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Cetuximab Safety Profile in Head and Neck Cancer

Insight From: Ezra Cohen, MD, UCSD; Robert L. Ferris, MD, PhD, Pittsburgh;Barbara A. Murphy, MD, Vanderbilt 
Published: Wednesday, Aug 13, 2014
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Toxicities associated with cetuximab tend to be more tolerable than those observed with cytotoxic chemotherapy. The most concerning side effect, notes Robert Ferris, MD, is an anaphylactic infusion reaction, attributed to cetuximab’s property as a mouse-based antibody. Barbara Murphy, MD, states the rate of anaphylactic reactions is variable, and depends on the patient’s geographic region. Murphy emphasizes it is important for clinicians to know the rate of anaphylaxis is in their area so that they can prepare accordingly. In regions with high anaphylaxis rates, administration of mini-doses before full doses may be warranted; however, this may not be necessary in other parts of the country.

Dermatologic toxicities are inherent with cetuximab’s mechanism of action as an inhibitor of epidermal growth factor, as it has a direct effect on skin, explains Ezra Cohen, MD. This reaction occurs in approximately 70% to 80% of patients, where patients classically present with a macular rash, which affects the face, neck, chest, and back, that usually subsides in 2 to 3 months. When the rash is severe, it can lead to hyperpigmentation, which can be bothersome to patients. Cohen notes, however, that clinicians are becoming more proficient in managing these reactions, and there has been a decline of patients with grade 3 and 4 skin toxicities. Management includes dose reduction and supportive care, such as antibiotics.

Murphy notes that there is conflicting evidence regarding the use of antibiotics in preventing rash. Data suggest that antibiotics can reduce the severity of the reaction, which is relevant in avoiding hyperpigmentation. Ferris comments that it is rare for these toxicities to lead to cetuximab discontinuation, as they are generally manageable with topical formulations of steroids or antibiotics. His practice often counsels patients that the severity of the rash may be associated with the antitumor effect of cetuximab. Cohen adds that he instructs patients to begin topical therapies, such as clindamycin gel or moisturizing agents, as soon as they see a rash or notice any difference in their skin. After implementing this counseling recommendation, Cohen’s practice observed a dramatic drop in the number of grade 3 skin toxicities.

Another toxicity related to cetuximab therapy is hypomagnesemia, due to cetuximab’s effect on the kidneys. Symptomatic patients may receive oral magnesium, and if oral supplementation is inadequate, intravenous magnesium may be administered with the cetuximab infusion. Cohen states that as long as clinicians are aware of this side effect and aggressively replace magnesium in those who require it, they can avoid any symptoms related to hypomagnesemia.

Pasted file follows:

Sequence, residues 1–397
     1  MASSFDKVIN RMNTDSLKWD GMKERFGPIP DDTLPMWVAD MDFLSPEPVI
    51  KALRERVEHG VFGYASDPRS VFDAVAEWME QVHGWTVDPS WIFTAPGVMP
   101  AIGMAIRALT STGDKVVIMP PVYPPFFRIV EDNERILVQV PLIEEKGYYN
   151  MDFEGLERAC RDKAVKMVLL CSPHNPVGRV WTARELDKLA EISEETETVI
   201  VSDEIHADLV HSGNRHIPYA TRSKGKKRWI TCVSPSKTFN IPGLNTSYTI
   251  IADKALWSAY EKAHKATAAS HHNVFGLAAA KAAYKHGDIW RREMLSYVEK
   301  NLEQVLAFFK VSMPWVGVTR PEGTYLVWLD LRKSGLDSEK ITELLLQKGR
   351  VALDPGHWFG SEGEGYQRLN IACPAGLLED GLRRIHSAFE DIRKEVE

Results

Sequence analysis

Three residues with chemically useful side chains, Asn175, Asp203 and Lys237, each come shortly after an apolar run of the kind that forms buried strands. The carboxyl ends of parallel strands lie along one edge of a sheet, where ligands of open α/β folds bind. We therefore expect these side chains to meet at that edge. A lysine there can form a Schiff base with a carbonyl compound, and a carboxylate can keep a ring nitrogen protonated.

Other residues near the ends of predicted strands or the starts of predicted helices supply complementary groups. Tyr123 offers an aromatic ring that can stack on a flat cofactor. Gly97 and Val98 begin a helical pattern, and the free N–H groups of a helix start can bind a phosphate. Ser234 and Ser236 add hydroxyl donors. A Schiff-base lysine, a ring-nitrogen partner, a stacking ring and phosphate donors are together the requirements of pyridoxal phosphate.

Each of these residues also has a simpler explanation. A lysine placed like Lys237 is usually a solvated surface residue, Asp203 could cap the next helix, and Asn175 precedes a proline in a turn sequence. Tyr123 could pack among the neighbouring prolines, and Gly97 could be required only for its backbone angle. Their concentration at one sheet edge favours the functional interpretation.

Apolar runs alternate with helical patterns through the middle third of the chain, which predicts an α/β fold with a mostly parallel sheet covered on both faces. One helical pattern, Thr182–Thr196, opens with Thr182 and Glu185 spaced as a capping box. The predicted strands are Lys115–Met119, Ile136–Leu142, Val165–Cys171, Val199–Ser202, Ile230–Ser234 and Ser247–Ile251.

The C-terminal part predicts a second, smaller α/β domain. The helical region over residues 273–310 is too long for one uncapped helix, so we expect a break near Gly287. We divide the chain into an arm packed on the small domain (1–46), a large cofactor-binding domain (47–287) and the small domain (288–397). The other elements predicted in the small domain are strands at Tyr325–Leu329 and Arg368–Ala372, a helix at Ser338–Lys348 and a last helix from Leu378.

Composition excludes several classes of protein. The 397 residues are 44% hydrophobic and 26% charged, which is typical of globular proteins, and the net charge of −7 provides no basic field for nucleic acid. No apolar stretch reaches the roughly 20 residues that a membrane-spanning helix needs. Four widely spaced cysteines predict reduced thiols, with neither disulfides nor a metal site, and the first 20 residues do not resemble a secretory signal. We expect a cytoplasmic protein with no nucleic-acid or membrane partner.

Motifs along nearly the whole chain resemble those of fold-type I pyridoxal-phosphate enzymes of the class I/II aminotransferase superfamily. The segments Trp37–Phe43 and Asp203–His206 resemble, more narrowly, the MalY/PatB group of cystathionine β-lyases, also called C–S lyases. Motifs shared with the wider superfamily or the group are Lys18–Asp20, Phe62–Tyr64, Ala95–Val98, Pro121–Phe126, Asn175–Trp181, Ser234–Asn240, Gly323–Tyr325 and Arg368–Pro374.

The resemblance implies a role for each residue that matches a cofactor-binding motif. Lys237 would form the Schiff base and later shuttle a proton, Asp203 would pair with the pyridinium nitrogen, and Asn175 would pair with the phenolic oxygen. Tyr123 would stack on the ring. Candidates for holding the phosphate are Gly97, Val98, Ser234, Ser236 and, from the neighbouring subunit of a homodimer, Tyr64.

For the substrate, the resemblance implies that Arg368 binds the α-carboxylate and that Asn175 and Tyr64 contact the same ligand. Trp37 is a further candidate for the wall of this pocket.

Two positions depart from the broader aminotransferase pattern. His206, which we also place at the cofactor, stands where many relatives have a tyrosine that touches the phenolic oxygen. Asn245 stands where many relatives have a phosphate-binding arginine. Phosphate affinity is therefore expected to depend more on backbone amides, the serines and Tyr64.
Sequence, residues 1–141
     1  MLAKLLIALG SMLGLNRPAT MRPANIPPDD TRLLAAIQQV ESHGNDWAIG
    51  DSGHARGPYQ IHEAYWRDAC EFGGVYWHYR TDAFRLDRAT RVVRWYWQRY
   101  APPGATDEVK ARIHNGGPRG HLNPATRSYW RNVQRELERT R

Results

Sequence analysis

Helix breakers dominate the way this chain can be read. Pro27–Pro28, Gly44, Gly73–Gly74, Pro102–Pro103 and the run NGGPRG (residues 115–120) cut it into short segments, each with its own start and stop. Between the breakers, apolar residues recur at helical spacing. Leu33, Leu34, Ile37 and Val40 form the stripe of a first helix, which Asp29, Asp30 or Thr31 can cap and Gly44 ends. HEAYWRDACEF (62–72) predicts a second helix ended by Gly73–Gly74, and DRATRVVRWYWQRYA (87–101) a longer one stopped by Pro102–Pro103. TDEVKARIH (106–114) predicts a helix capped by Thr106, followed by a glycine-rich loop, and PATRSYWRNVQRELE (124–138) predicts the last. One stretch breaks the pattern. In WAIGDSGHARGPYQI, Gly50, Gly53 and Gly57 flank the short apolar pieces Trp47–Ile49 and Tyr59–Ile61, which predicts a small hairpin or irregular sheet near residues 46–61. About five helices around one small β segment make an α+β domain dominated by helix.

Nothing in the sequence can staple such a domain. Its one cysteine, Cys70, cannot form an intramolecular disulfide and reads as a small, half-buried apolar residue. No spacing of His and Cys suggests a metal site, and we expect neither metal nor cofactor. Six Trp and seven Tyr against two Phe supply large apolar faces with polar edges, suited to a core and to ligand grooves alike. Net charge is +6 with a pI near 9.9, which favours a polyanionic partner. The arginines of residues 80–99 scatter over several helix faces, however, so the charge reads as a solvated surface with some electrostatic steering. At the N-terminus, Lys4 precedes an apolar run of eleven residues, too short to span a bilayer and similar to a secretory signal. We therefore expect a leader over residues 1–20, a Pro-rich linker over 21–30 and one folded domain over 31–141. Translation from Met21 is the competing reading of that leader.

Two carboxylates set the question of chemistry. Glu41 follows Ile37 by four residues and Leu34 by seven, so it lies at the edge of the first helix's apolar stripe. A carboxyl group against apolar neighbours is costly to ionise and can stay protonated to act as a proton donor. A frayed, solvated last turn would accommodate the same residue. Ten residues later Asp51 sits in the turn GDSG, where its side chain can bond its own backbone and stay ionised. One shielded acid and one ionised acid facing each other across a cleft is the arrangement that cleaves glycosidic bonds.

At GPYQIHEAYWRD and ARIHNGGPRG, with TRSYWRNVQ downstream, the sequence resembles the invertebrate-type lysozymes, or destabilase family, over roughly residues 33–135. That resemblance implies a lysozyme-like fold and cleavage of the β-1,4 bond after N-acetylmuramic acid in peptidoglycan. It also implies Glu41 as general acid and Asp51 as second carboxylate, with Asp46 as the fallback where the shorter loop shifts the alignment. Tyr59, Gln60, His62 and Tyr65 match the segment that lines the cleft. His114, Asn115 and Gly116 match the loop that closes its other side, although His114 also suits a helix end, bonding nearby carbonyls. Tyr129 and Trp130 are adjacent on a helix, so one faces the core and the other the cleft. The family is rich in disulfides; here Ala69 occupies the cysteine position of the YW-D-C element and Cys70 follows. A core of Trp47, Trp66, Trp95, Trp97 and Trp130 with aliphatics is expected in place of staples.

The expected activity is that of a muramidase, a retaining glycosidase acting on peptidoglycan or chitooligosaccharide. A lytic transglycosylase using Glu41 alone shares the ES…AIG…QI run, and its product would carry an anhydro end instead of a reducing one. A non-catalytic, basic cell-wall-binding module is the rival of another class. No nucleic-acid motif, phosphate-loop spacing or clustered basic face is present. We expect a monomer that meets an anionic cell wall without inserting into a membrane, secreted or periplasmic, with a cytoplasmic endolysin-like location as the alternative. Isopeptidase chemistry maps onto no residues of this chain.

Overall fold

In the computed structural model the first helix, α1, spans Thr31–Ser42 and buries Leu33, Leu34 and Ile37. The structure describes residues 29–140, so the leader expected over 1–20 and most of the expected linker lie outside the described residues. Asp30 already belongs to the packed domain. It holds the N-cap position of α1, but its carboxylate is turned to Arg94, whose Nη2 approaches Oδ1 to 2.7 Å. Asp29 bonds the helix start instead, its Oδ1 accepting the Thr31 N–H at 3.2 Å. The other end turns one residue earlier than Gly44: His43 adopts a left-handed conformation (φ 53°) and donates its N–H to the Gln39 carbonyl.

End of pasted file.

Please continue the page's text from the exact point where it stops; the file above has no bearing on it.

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Toxicities associated with cetuximab tend to be more tolerable than those observed with cytotoxic chemotherapy. The most concerning side effect, notes Robert Ferris, MD, is an anaphylactic infusion reaction, attributed to cetuximab’s property as a mouse-based antibody. Barbara Murphy, MD, states the rate of anaphylactic reactions is variable, and depends on the patient’s geographic region. Murphy emphasizes it is important for clinicians to know the rate of anaphylaxis is in their area so that they can prepare accordingly. In regions with high anaphylaxis rates, administration of mini-doses before full doses may be warranted; however, this may not be necessary in other parts of the country.

Dermatologic toxicities are inherent with cetuximab’s mechanism of action as an inhibitor of epidermal growth factor, as it has a direct effect on skin, explains Ezra Cohen, MD. This reaction occurs in approximately 70% to 80% of patients, where patients classically present with a macular rash, which affects the face, neck, chest, and back, that usually subsides in 2 to 3 months. When the rash is severe, it can lead to hyperpigmentation, which can be bothersome to patients. Cohen notes, however, that clinicians are becoming more proficient in managing these reactions, and there has been a decline of patients with grade 3 and 4 skin toxicities. Management includes dose reduction and supportive care, such as antibiotics.

Murphy notes that there is conflicting evidence regarding the use of antibiotics in preventing rash. Data suggest that antibiotics can reduce the severity of the reaction, which is relevant in avoiding hyperpigmentation. Ferris comments that it is rare for these toxicities to lead to cetuximab discontinuation, as they are generally manageable with topical formulations of steroids or antibiotics. His practice often counsels patients that the severity of the rash may be associated with the antitumor effect of cetuximab. Cohen adds that he instructs patients to begin topical therapies, such as clindamycin gel or moisturizing agents, as soon as they see a rash or notice any difference in their skin. After implementing this counseling recommendation, Cohen’s practice observed a dramatic drop in the number of grade 3 skin toxicities.

Another toxicity related to cetuximab therapy is hypomagnesemia, due to cetuximab’s effect on the kidneys. Symptomatic patients may receive oral magnesium, and if oral supplementation is inadequate, intravenous magnesium may be administered with the cetuximab infusion. Cohen states that as long as clinicians are aware of this side effect and aggressively replace magnesium in those who require it, they can avoid any symptoms related to hypomagnesemia.
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